Google’s Pigeon AlgorithmNo, sorry the legendary sea creature is not coming to get you, no matter how cool that would be. Google has recently released the Pigeon, a new algorithm update that is coming after your local listings. Unlike their previous updates that affect online retailers and businesses, Pigeon affects traditional storefronts and businesses.

What Is Pigeon and What Does It Do?

The unofficially named “Pigeon” algorithm has been created to strengthen the ties between search queries and Google’s deeper capabilities. What this really means is that Google is finally starting to notice the importance of local search, and they are improving the distance and location parameters on local search results.

While focusing on tying search capabilities and local search results together, Pigeon will also take into account Google’s Knowledge Graph, spelling corrections and synonyms. However the Pigeon has also flown away with some search query 7-Pack results (the carousel listings that are on the front page of search results).

What Does That Mean for Your Business?

One of the major shifts that Pigeon has sent us is a shift from Google+ listings and Google Local listing to giving more weight to directory listings, such as Yelp and Trip advisor for certain search queries. Meaning that traditional businesses will have to work harder on local SEO (Search Engine Optimization) than they have in the past to gain the coveted page 1 listing.

Now you may be asking yourself, “How could the Pigeon do this to me? I thought we were friends!” First, pigeons cannot be friends with you; this is not a Mel Brooks musical. Second, this update is not as bad as it sounds. By shifting the focus to directory listings this update could potentially give you an advantage against your competition. By submitting your listing to relevant niche directories and some of the larger directories like Yelp, you put more weight behind your listing, at least in search results. With the disappearance of some of the local listings, search results are now hyper-localized and you may only be competing with a handful or at times no other businesses for specific keywords.

What You Can Do to Help With Your Rankings?

Take a deep breath and get ready to start working. One of the first things you should do is find relevant directories and start studying your traffic. Sometimes the directories you “think” you should be in are not the best directories to drive traffic to your site. You should also start to re-evaluate your keyword focus, since this update is so geo-targeted you need to evaluate the best local terms as well as what terms are already driving traffic to your site. Also don’t delete your Google+ or Google Places listings, because you never know when Google will roll out another update that could affect your rankings. Finally, start or continue to encourage your customer to leave a review about your business on directories and on Google itself.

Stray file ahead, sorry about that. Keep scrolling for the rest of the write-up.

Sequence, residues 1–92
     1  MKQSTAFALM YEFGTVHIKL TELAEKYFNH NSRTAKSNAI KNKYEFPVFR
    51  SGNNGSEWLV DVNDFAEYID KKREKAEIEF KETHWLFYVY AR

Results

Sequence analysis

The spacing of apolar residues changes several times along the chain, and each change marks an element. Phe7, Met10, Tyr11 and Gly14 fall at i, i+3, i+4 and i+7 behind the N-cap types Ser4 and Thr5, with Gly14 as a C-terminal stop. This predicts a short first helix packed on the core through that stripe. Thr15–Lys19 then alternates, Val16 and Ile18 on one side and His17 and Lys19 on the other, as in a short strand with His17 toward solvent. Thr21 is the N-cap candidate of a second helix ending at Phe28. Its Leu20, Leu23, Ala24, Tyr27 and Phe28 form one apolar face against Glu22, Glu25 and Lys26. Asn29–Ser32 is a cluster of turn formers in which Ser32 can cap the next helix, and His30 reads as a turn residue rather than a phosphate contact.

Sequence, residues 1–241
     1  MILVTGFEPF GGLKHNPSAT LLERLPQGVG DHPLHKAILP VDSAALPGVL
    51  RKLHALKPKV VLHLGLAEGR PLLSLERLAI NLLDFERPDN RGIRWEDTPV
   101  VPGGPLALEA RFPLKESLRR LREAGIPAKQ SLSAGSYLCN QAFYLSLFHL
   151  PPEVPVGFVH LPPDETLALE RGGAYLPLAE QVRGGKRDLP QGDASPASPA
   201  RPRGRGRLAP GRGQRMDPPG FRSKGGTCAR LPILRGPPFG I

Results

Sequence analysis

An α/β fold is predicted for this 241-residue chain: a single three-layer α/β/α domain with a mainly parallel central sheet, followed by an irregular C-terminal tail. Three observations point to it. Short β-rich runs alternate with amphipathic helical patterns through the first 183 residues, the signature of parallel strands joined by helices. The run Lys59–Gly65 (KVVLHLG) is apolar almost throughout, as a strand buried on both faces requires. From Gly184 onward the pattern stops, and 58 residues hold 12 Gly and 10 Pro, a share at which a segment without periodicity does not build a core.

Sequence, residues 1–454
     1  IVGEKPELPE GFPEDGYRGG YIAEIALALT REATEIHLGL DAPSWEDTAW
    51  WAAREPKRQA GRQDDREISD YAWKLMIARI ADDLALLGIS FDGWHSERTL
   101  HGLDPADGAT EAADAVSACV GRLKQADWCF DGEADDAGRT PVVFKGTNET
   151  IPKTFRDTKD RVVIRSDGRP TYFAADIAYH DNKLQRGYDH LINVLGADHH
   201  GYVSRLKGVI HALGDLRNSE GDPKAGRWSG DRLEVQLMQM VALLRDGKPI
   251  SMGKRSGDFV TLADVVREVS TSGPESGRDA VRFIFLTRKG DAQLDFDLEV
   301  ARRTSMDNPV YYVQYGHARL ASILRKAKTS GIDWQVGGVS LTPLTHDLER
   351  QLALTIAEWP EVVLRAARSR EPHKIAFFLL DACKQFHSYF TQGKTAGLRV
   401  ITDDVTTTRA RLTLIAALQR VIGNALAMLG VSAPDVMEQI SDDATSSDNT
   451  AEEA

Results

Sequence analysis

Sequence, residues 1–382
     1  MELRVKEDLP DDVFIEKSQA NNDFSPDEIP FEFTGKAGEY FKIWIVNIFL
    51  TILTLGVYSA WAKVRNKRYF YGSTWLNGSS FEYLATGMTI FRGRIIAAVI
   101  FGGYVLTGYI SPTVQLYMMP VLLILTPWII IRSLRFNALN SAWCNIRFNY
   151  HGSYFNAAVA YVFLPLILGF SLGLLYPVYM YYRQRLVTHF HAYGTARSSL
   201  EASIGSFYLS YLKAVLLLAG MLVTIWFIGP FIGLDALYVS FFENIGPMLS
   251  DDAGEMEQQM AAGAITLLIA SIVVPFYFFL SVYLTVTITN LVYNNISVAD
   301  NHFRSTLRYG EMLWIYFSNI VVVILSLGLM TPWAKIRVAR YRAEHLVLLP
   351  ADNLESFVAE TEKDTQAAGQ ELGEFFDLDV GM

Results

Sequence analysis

What Did We Learn Today?

The Pigeon is not your friend. Here is a great recap of what this squab really is:

  • Affects local search query results
  • Favors directory listings
  • Removes 7-Pack for some search terms
  • Combat Pigeon with tightening your focus on local SEO

No matter what the latest Google Bird is, there will always be businesses that get their eyes pecked out and ones that never even see it sweeping overhead. For more information about local SEO and how to ensure that your business is consistently seen, call Lead to Conversion at 855.473.6582 or fill out our contact form today.

Mark Alperin

Director of Digital Marketing at Lead to Conversion
Mark Alperin is the Director of Digital Marketing at Lead to Conversion. He’s been working in SEO, social media and content marketing for almost 7 years.

He got his start doing SEO at an enterprise level with a nationally recognized B2B company, leading their SEO, Social Media and web marketing initiatives. After spending a few years on his own working freelance for small to medium size businesses and agencies alike, he joined the Lead to Conversion team. He loves inbound marketing, cohesive, integrated campaigns and providing a direct impact to the businesses he works with.

Mark has a diverse background with diverse interests. When he’s not working, you’ll likely find Mark outside and on his bicycle. He also loves to cook, read and learn.

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